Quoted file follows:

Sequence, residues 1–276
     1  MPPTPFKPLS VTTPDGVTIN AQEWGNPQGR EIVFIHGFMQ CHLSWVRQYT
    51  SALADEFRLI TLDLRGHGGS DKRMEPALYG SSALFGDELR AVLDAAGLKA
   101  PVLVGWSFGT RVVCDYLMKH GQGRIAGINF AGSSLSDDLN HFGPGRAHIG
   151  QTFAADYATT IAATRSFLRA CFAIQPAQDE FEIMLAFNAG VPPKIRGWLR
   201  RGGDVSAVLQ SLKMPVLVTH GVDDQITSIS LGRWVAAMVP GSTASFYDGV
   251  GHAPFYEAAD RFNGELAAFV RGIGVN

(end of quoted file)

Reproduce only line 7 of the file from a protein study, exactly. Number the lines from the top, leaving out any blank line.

   251  GHAPFYEAAD RFNGELAAFV RGIGVN